1907 – A coal mine explosion in Jacobs Creek, Pennsylvania, kills 239 workers. Only one worker in the deep mine at the time survived the tragedy.
1909 – U.S. socialist women denounced suffrage as a movement of the middle class.
1910 – Edward Douglass White is sworn in as the 9th Chief Justice of the United States.
1910 – Rayon was first commercially produced by the American Viscose Company. At the time, it was known by the name of artificial silk.
1912 – William H. Van Schaick, captain of the steamship General Slocum which caught fire and killed over 1,000 people, is pardoned by President Taft after 3.5 years in Sing Sing prison .
1916 – World War I: Battle of Verdun – On the Western Front, the French Army successfully holds off the German Army and drives it back to its starting position.
1917 – National Hockey League (NHL) opens its first season.It plays in Toronto and is the first played on artificial ice.
1918 – Robert Ripley began his “Believe It or Not” column in “The New York Globe”.
1919 – The Thimble Theatre cartoon strip, by Elzie Segar (1894-1938), made its debut in the New York Journal and featured the characters Olive Oyl, Castor Oyl, and Ham Gravy, who were the comic’s leads for about a decade. Segar added Popeye in 1929.
1920 – First US indoor curling rink opens in Brookline, MA.
1924 – Last Rolls-Royce Silver Ghost rolls off the line.
1928 – First autogyro flight in US at Patco Field in Norristown, PA. This was the predecessor of the helicopter.
1939 – World War II: Pre-War: America was still neutral during this part of World War II yetthe US cruiser Tuscaloosa closely trailed the German liner Columbus. The Germans scuttled the ship some 300 miles from the American coast, to avoid capture by the approaching British destroyer HMS Hyperion.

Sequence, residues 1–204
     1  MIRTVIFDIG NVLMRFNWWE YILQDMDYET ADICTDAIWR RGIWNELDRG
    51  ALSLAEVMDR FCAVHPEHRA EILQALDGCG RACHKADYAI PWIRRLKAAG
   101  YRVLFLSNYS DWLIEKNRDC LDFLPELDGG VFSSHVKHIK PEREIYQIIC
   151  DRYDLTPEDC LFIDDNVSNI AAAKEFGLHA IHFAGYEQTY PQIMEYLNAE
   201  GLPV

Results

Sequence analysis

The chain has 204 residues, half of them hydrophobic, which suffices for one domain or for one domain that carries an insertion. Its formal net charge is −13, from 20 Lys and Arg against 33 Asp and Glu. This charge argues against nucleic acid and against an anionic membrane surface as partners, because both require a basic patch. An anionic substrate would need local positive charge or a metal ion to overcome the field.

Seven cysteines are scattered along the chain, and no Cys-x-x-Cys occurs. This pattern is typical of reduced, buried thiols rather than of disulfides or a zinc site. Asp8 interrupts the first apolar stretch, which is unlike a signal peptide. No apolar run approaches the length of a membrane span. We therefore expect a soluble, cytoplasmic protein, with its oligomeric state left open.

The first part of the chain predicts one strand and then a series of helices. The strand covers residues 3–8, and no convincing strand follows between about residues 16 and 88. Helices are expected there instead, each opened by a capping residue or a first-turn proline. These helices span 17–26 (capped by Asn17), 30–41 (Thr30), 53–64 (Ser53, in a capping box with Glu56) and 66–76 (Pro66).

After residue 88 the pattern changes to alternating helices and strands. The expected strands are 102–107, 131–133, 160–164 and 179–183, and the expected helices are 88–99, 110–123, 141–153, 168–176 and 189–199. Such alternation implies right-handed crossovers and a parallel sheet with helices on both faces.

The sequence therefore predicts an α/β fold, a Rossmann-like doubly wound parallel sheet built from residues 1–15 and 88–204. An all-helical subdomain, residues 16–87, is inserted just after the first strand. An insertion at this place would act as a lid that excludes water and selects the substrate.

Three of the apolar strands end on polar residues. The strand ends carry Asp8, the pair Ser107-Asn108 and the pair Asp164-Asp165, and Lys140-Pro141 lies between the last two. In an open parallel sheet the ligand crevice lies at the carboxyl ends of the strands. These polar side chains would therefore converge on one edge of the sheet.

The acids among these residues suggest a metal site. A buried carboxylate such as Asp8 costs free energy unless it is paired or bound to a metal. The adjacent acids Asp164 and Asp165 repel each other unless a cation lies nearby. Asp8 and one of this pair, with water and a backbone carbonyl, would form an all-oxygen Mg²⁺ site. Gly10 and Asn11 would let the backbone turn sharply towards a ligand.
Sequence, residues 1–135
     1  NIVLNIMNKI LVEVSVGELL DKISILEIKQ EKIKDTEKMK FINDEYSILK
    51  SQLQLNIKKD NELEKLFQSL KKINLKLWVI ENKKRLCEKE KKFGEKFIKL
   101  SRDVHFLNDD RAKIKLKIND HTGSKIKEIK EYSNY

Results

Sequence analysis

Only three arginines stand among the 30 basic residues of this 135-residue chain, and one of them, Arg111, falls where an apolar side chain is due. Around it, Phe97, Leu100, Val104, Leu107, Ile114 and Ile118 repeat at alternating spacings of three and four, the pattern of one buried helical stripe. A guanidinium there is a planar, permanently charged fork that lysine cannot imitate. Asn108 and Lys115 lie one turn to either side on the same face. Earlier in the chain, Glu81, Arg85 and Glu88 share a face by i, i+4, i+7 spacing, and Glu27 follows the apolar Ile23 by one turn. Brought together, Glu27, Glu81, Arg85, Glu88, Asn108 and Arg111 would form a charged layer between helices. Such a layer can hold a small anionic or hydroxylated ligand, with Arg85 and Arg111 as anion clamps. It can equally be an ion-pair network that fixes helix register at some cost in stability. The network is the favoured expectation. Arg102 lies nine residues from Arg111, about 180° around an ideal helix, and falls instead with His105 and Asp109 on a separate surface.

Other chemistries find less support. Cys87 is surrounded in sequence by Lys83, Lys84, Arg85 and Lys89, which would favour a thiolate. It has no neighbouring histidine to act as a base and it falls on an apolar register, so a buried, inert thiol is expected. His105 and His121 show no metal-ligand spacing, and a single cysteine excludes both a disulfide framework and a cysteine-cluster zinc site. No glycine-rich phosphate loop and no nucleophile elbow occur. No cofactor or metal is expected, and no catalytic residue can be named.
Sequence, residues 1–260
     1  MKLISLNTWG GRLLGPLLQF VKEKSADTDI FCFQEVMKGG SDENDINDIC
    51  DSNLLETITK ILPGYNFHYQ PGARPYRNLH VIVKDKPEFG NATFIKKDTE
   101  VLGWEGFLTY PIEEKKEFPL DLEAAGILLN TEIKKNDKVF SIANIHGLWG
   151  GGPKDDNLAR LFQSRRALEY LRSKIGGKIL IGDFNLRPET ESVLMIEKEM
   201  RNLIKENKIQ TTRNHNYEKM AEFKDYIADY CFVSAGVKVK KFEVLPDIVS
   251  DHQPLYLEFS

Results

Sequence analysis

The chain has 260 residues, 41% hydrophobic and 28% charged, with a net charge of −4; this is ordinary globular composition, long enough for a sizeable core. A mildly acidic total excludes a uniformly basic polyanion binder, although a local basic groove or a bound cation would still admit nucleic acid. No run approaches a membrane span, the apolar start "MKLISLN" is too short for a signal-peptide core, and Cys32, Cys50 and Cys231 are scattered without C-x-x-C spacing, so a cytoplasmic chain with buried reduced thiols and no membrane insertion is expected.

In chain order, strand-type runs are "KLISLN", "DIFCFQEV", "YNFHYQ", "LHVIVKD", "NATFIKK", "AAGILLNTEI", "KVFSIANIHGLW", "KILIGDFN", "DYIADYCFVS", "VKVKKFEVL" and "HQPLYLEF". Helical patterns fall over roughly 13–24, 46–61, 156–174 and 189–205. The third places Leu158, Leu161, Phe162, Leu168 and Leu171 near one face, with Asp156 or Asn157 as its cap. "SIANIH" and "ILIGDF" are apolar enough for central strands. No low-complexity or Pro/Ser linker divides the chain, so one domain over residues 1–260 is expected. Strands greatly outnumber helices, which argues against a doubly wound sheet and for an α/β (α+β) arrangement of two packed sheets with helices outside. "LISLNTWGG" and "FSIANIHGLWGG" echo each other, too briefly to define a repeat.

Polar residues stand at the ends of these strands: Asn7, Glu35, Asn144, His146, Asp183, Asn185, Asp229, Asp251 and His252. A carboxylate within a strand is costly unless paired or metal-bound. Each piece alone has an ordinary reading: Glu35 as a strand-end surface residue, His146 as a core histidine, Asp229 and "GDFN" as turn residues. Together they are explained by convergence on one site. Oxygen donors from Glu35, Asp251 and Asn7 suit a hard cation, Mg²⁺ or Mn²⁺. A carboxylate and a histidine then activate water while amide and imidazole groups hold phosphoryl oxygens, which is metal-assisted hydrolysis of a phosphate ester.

1941 – World War II: Europe: Hitler becomes Supreme Commander-in-Chief of the German Army.
1941 – World War II: US Office of Censorship was created to control info about WW II.
1941 – World War II: US Attorney General Francis Biddle issued Circular No. 3591 to all federal prosecutors to drop references to peonage and label such files as “Involuntary Servitude and Slavery.” This was in response to Pres. Roosevelt’s fear that mistreatment of blacks would be used in propaganda by Japan and Germany.
1941 – World War II: Pacific: Japanese land 500 men from the 56th Infantry Regiment near Davao on Mindanao.
1942 – World War II: Pacific: On Guadalcanal, US forces on Mount Austen meet heavy resistance.
1943 – World War II: Pacific: The American regiment at Arawe captures the nearby Japanese airstrip and hold against counterattacks.
1944 – World War II: Pacific:The Japanese decide that their 35th Army on Leyte is no longer to be reinforced or supplied. Nonetheless, fighting continues to the north of Ormoc and throughout the northwest of the island.
1944 – World War II: Europe: During the Battle of the Bulge, American troops began pulling back from the twin Belgian cities of Krinkelt and Rocherath in front of the advancing German Army.
1948 – CHART TOPPERS – “Buttons and Bows” by Dinah Shore, “On a Slow Boat to China” by The Kay Kaiser Orchestra (vocal: Harry Babbitt & Gloria Wood), “White Christmas” by Bing Crosby and “One Has My Name (The Other Has My Heart)” by Jimmy Wakely all topped the charts.
1950 – General Dwight D. Eisenhower was named Supreme Commander of the North Atlantic Treaty Organization (NATO) military forces.
1950 – Korean War: The carrier USS Bataan, commanded by Captain T. N. Neale, arrived on station in Korean waters.
1955 – Carl Perkins records “Blue Suede Shoes“.
1957 – “The Music Man”, starring Robert Preston, opens at Majestic Theater New York City.
1958 – First radio broadcast from space (recorded Christmas message by President Eisenhower).
1959 – Reputed to be the last Civil War veteran, Walter Williams, a Confederate forager, died at 117 in Houston.The last survivor of the Union Army was Albert Woolson. He died on August 2, 1956 at the age of 109.
1959 – “Heartaches by the Number” by Guy Mitchell topped the charts.
1959 – The first Liberty Bowl, Penn State’s Nittany Lions beat Alabama, 7-0.